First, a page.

Reading historical wellbeing from books

25 October 2019

BOOKSHELVES

Old books packed on bookshelves

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Should you aim to increase the GDP of a country, or should you invest in increasing life expectancy?

One way to estimate which would make people happier is to look at the historical wellbeing of the population, and old books may provide the key.

A novel approach for creating a wellbeing indicator to help economists and policymakers was just published in Nature Human Behaviour by an international team of researchers.

“We took several databases of digitised text going back over the last 200 years, and these represent something like 6 to 7 percent of all published books over this time period. And that's magical in a way because it taps into the zeitgeist of people's changing attitudes and beliefs about things,” says lead author Thomas Hills from the University of Warwick.

Using these digitised books, the researchers computed a national annual National Valence Index (NVI) by counting the frequency of positive and negative words in each of the books that were published in a certain year and a certain country. Plotting this annual NVI we get a historical chart that seems to track the subjective wellbeing of the population.

How accurate is it? A basic validation can come from just looking at these charts, where we can observe a decrease in life satisfaction during the war periods, such as World War I and World War II, or the Civil War in the US. This suggests that the mood of the books during those periods was more somber, potentially fitting in with the general mood of the population as well.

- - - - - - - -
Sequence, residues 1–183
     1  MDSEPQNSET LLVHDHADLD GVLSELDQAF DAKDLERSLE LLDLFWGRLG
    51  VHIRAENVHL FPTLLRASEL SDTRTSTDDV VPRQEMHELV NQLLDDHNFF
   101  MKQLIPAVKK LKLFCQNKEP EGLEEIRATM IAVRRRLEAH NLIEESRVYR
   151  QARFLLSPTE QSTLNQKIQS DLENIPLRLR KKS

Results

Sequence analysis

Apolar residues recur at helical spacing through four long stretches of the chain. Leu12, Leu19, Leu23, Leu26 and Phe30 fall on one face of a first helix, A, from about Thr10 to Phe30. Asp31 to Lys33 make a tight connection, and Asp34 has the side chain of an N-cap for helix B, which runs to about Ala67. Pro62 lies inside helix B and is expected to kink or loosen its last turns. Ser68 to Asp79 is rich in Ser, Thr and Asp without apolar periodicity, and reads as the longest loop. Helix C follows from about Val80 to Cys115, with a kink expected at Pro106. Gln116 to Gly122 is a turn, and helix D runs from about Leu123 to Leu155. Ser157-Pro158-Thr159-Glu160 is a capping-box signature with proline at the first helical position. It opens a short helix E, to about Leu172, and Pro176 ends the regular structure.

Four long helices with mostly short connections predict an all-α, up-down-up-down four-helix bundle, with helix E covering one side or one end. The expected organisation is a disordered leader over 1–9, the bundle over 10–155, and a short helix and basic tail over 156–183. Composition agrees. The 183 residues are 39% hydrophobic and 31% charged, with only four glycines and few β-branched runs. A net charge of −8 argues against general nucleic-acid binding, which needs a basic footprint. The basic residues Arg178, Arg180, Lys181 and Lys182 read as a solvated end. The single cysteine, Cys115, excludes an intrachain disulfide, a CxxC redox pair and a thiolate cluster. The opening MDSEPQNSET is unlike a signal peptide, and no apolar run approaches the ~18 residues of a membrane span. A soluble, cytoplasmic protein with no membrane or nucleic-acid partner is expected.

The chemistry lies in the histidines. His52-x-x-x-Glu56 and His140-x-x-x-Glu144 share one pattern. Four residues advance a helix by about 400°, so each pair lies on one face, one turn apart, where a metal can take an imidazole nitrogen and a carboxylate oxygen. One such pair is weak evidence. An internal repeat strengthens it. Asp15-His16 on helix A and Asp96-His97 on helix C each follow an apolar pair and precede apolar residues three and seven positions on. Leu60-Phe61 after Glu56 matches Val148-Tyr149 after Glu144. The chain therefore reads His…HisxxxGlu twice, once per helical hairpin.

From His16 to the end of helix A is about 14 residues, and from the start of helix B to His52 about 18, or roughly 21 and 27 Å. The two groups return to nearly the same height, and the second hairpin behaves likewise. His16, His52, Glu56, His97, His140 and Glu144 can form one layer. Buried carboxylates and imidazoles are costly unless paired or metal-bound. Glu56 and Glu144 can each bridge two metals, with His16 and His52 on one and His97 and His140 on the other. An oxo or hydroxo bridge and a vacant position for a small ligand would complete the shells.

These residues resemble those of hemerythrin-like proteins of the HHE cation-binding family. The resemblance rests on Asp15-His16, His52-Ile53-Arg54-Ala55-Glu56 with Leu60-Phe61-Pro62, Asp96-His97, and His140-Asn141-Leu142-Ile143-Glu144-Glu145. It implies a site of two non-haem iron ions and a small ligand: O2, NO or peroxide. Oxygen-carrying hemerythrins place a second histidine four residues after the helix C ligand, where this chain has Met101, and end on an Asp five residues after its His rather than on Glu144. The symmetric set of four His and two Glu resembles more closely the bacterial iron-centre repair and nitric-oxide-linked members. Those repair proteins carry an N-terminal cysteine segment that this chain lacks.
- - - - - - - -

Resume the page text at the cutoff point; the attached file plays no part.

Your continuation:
The researchers also validated the NVI statistically, using the available data from the Eurobarometer survey, a regular public opinion survey run in Europe that asks a sample of the population how satisfied they are with the life they lead.

The Eurobarometer survey has first been run in 1973, and before that there is little data on wellbeing, a gap that this study aims to fill in.

By comparing the NVI and Eurobarometer survey measures for the overlapping period for the three European countries that they analysed, the UK, Germany and Italy, the authors find that they are highly correlated, and so the NVI seems like a good indicator for past wellbeing.

As to whether you should increase GDP or life expectancy, this study suggest the latter: increasing the average life expectancy by a year is equivalent to as much as 4.3% annual growth in GDP per capita.

“We’re getting to the point where we can look back in time and we can see the consequences of different decisions that we've made,” says Thomas, “and hopefully that gives us a handle on the kinds of decisions we can make now to improve our well being in the future.”

The need to consider the wellbeing of the population is becoming more and more important in policy work, and being able to look back at historical values, even if estimates, can be a very useful tool in designing better policies.

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